Most of us profess a desire to learn, but in reality we prefer the comfort of what we already know. Frontal attacks (lecturing) or enticements only serve to fortify defensiveness. The most difficult task for every teacher (and we are all teachers all the time) is not getting new ideas in, but in encouraging people to let go of their old ideas. Your ideas may be much better but their ideas are more familiar, and there are few things more certain to inhibit action than the unknown.
9. Soothe the transition
Create a comfortable transition by attaching new ideas to old experiences. Help people bridge the gap between where they are and where you would like them to be by reminding them they have been there before. We have all been the people we would like to be if only for a short time. Use the memories of past successes to illuminate a brighter future. Take a lesson from Nelson Mandela, Martin Luther King, Mahatma Gandhi. They each had the ability to “make people intrinsically unhappy with their current state of affairs without demeaning their accomplishments or dishonoring their past in any way”.
10. The Minions of Mirth
Laughter and humor are powerful not only because they grab our attention in the moment, but because they open the gates to recall similar moments from our past. Memory recall is “State Specific”. The ability to restore and retrieve memories is augmented by the emotional state we are in at the time. We have all been in gatherings where one funny story unlocks forgotten memories which are not so much recalled as they are relived in the moment. Humor unleashes “the minions of mirth” to bring your audience together in common experience. To create lasting change the learner must invite the new ideas in and make them their own. We are not thinking beings who have feelings, we are feeling beings who have thoughts. Our intellectual abilities are far outmatched when strong feelings are involved. Humor and laughter are used to displace the fear of the new and unknown by attaching positive feelings to new information.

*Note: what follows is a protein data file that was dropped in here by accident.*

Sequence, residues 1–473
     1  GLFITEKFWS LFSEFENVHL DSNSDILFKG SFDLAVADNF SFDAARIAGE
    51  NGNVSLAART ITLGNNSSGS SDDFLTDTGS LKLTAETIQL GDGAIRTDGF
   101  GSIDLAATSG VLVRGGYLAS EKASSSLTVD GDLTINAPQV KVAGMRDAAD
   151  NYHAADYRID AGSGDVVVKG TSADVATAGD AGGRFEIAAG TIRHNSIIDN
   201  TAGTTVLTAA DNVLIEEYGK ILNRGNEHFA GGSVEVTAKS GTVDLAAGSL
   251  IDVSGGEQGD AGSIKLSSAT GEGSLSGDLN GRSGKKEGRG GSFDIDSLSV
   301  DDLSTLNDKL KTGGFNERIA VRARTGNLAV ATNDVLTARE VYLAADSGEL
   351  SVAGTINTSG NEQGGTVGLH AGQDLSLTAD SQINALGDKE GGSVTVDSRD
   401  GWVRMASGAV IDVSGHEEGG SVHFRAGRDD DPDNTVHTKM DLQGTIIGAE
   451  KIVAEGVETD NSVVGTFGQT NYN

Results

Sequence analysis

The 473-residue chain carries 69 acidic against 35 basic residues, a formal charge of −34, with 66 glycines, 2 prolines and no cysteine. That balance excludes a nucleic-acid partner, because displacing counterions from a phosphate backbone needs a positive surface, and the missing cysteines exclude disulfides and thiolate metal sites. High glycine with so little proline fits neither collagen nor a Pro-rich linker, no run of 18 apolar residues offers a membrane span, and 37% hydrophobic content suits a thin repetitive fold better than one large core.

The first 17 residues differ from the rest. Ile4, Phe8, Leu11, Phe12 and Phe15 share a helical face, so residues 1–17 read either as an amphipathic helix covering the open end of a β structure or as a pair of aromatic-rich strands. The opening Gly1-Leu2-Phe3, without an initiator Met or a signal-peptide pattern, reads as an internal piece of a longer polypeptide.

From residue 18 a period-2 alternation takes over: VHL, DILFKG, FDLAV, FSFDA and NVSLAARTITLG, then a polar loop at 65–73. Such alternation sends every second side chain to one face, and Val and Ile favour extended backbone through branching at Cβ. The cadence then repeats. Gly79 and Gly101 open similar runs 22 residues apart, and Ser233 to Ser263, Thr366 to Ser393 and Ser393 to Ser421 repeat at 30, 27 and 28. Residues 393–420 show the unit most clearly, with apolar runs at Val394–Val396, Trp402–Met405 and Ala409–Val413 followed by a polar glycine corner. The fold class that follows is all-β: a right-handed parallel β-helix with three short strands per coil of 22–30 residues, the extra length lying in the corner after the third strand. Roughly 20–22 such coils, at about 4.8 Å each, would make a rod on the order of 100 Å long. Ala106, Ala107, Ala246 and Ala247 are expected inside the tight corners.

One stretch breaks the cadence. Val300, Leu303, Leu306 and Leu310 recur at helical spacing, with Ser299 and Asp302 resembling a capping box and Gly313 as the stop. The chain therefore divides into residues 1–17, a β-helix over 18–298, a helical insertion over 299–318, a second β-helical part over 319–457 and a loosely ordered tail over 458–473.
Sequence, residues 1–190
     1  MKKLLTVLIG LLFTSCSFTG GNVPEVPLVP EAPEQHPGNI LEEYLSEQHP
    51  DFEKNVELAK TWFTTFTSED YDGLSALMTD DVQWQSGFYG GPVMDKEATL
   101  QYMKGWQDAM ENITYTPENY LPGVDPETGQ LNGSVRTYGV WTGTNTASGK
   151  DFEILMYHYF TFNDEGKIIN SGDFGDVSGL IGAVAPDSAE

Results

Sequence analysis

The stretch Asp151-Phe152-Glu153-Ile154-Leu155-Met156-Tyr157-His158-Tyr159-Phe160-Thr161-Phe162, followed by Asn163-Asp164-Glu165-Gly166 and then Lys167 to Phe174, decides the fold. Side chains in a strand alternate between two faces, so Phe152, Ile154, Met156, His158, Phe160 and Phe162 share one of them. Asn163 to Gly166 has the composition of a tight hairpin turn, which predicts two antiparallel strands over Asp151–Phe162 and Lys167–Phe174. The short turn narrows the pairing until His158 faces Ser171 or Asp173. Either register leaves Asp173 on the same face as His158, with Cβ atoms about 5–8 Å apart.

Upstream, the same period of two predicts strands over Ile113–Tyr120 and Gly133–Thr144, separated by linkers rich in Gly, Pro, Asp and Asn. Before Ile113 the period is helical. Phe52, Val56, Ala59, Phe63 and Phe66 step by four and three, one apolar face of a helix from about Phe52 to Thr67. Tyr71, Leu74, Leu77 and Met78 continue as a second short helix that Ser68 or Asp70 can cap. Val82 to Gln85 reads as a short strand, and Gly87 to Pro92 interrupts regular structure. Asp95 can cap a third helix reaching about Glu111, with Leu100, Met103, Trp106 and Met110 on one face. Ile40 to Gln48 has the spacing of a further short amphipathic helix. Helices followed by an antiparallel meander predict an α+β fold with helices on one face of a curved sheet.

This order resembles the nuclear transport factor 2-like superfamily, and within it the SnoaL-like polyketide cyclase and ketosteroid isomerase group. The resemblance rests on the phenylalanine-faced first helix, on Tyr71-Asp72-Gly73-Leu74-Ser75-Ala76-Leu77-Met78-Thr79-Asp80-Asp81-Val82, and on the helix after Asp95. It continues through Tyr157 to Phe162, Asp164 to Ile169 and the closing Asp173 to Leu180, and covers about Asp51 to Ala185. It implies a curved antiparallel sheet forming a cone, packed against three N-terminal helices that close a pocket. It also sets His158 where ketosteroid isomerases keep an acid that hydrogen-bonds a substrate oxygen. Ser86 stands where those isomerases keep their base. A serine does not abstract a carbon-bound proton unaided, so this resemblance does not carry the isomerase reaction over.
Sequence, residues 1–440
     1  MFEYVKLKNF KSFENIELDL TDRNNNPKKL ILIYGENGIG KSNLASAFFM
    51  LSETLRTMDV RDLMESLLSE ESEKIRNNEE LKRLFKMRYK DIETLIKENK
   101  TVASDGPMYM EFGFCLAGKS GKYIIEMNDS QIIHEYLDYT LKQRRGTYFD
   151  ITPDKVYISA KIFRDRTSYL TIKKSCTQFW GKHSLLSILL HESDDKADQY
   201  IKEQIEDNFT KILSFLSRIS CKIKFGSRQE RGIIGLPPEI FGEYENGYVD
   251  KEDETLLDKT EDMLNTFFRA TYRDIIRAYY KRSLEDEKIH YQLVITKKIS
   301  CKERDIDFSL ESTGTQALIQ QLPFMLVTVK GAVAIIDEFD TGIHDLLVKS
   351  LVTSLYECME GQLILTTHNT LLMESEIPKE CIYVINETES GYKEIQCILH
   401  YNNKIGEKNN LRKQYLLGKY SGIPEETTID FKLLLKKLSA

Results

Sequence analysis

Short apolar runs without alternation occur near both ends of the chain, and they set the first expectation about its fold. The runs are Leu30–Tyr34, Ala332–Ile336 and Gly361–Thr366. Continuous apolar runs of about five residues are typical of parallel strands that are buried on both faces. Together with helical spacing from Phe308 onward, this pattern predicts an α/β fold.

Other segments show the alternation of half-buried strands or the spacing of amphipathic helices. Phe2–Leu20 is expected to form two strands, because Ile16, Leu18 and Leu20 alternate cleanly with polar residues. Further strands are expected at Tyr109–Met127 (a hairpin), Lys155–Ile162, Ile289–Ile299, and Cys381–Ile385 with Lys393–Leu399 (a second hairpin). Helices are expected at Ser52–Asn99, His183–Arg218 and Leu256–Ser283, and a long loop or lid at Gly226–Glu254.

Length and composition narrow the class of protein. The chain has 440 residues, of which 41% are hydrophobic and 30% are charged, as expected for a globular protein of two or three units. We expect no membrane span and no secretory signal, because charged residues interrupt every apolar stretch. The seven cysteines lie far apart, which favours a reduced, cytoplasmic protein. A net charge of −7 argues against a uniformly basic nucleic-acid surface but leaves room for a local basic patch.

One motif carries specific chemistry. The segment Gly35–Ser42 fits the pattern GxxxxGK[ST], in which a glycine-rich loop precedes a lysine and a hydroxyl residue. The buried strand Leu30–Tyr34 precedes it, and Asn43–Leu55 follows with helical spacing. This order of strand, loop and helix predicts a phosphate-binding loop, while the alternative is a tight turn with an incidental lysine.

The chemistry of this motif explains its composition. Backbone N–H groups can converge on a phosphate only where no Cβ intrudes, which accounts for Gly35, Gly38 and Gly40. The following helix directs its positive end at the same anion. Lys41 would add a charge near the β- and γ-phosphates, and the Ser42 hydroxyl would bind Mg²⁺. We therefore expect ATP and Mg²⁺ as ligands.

11. Attach Symbols to Stories
The Bee characters were created primarily because they are fun. For almost twenty years a large part of my professional career has been spent as an “educational humorist”. Through humor and story I share life-changing lessons wrapped in a package of side-splitting laughter. Each story is designed to encourage a shared agreement with the audience that becomes part of a common language. People may forget my name very quickly, but the sight of my red high tops always brings back memories of lessons learned.
12. Bring the pain
The reality of the current state of our species is that we are inspired by pleasure but motivated by pain. Our entire physiology is designed to notice, remember and act on anything that might be perceived as a threat. This is why our media is so predominantly negative. They use fear to grab your attention so they can sell advertising. In my speaking, I think it works best the opposite way. Use the pleasure of humor and story to earn the right to share the pain of current reality.
13. Create a “disorienting dilemma”
This has been defined as one of the keys to lasting transformation. It is most often the result of life experience, but the same process can be used in compelling storytelling. Remember your mind cannot tell the difference between something vividly imagined and something real. Use story to draw people into a common experience with a surprise ending. This “unexpected twist” process is also a part of successful humor. When you guide your audience down a familiar path the comfort of story dissipates their defenses and they become part of the experience. The dilemma is created when you expose the dysfunction of the role they have subconsciously played in the story. Until people are sufficiently uncomfortable with current behavior it is unlikely they will adopt new ones.Share